The ruble (in Russian рубле, transliterated ruble) is a monetary unit currently used in Belarus, Russia and part of Moldova (Transnistria), and historically also in several states and territories under the influence of Russia and the Soviet Union . It is divided into 100 kopecks.
The word «ruble»
According to one of the versions, the word "ruble" derives from the Russian verb рубить, rubit, which means "to cut". Historically, a ruble was a piece of a certain weight cut from a silver ingot called a grivna (hence the name of the hryvnia, the current currency of Ukraine). Another opinion that enjoys more acceptance is that the name would come from the Russian name рубец, rubets, 'wrinkle, scar', and in this case the edge that remains around the coin after the mint; therefore a ruble would be the piece out of a plate with an edge around it, that is, a coin.
It was the Russian equivalent of the marc, a measure of weight for silver and gold used in Western Europe during the Middle Ages. The weight of a ruble was equal to that of a grivna.
As for the fractional currency, the kopeck (in Russian копейка, kopeika), its name comes from the noun копё, kopió, which means 'spear'. The first kopek coins, originating from the Novgorod and Pskov mints from 1535, reproduced a knight with a spear. From the 1540s the knight wears a crown, no doubt meant to represent Ivan the Terrible, Grand Prince of All the Russias until 1547 and Tsar from then on.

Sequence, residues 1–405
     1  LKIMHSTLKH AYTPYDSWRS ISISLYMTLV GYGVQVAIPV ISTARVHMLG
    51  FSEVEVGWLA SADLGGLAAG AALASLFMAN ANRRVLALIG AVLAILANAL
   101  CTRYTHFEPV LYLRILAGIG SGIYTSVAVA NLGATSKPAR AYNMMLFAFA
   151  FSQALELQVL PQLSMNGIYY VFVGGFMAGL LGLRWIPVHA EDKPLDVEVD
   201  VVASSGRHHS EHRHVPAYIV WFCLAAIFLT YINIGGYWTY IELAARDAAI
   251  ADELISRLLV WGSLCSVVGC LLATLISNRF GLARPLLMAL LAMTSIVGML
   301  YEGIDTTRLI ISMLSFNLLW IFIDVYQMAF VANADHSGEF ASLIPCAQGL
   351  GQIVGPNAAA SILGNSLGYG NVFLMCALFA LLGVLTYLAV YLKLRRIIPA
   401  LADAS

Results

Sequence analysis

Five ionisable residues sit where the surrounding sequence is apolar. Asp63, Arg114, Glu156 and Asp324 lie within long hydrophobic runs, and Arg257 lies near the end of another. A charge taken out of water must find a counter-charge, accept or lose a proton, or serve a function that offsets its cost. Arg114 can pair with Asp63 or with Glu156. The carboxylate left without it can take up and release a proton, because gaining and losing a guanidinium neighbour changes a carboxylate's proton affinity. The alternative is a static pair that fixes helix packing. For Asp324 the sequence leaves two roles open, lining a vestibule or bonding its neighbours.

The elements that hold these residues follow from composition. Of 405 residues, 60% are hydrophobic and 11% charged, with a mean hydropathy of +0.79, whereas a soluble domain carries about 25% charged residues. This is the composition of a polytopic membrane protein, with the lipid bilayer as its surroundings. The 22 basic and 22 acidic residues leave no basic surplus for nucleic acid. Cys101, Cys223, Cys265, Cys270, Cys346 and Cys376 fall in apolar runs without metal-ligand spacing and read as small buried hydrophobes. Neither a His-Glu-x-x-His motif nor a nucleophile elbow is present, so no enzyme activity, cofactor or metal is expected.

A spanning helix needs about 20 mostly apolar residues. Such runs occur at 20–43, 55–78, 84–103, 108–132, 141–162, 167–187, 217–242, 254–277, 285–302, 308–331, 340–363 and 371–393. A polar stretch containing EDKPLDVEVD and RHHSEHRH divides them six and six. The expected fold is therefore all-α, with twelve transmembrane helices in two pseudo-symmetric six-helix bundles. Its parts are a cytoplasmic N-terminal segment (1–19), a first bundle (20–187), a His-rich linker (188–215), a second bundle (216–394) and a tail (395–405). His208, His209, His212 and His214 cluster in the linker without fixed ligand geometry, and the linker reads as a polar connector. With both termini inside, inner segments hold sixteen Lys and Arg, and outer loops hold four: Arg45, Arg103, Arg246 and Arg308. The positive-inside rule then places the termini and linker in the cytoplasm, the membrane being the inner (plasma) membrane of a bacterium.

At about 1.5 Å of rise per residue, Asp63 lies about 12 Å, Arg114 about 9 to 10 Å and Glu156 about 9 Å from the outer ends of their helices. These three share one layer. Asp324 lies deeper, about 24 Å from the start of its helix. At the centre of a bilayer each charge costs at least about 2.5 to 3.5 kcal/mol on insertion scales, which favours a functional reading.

It should be noted that Russia was the first country in the world to introduce a decimal monetary system in 1704, with a ruble divided into 100 kopecks.
The plural in Russian
The Russian plurals that can be seen on today's currency vary according to Russian grammar. So the numbers 1, 21, 31, etc. are followed by the nominative singular рубле (rubl) and копейка (kopeika). The numbers 2 to 4, 22 to 24, 32 to 34, etc. they ask for the genitive singular рубля (ruble) and копейки (kopeiki). Finally, from 5 to 20, from 25 to 30, from 35 to 40, etc. are followed by the genitive plural рублей (rublei) and копеек (kopéiek).
The ruble in other languages
See also: Soviet ruble In several of the languages spoken in Russia and the former Soviet Union the name of the currency has no etymological relation to the word ruble. Especially in Turkic languages or those influenced by it, the ruble is often known (even officially) as som or sum (in the sense of 'pure'), or manat (from Russian moneta, 'coin' ).
Soviet banknotes specified their value in the languages of the 15 republics of the Soviet Union.
List of rubles
(This list is not exhaustive and does not contain all historical rubles, especially those issued by sub-national entities)
Armenian ruble or ruble (rouble)
Azerbaijani ruble (name by which the first Azerbaijani manat was known in Russian)
Georgian ruble (the Russian name for the Georgian maneti)
Latvian ruble or rubles
Ruble of Tuva (the name by which the akşa of Tuva was known in Russian)
Ukrainian ruble (the name by which the karbovanets of Ukraine were known in Russian)